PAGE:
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# Stratified Random Sampling

Stratified Random Sampling. Stratified Random Sampling. A stratified random sample is obtained by separating the population elements into non-overlapping groups, called strata Select a simple random sample from each stratum. Stratified Random Sampling….

## Stratified Random Sampling

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1. Stratified Random Sampling

2. Stratified Random Sampling • A stratified random sample is obtained by separating the population elements into non-overlapping groups, called strata • Select a simple random sample from each stratum

3. Stratified Random Sampling… • Eg: sampling fish from a stream with the goal being to estimate the average length of trout • Want to know the size of fish (length) • Stream is made up of riffles, runs and pools • larger (longer) fish live in the pools • smaller fish in the riffles. • Strata = stream habitat type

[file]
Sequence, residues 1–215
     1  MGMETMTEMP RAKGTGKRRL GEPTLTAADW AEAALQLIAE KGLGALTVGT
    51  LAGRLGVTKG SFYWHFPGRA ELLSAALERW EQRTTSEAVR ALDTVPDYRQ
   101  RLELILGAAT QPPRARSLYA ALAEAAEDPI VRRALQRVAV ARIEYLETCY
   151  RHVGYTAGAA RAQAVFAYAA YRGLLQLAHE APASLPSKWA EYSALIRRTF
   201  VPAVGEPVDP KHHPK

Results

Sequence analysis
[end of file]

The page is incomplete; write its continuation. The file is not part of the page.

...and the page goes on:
4. Why Choose Stratification? • Minimize uncertainty • equivalent to minimizing the variability associated with our response variable • Example • If fish in riffles are similar in length (thus small within habitat variability) then taking averages on a stratum by stratum basis will mean low variation for each average

5. Simulation Comparing Stratified and Simple Random Sampling

6. Note with the stratified random sample that the sampling distribution of the sample mean is characterized by less variation/uncertainty than in the simple random sample protocol.

7. Why Choose Stratification… • Estimates of population parameters may be desired for subgroups of the population Eg: By stratifying on stream habitat type • You can easily provide estimates of the mean fish length for each habitat type (riffle, run, and pool) • Separate confidence intervals for each of the strata

8. Why Choose Stratification… • The cost per observation in the sample may be reduced • Eg. Gear changes when habitat changes • Simple random sampling of stream sections means more gear changes

9. Example Data Obtain a 95% bootstrap CI on the mean length of fish across the three habitats

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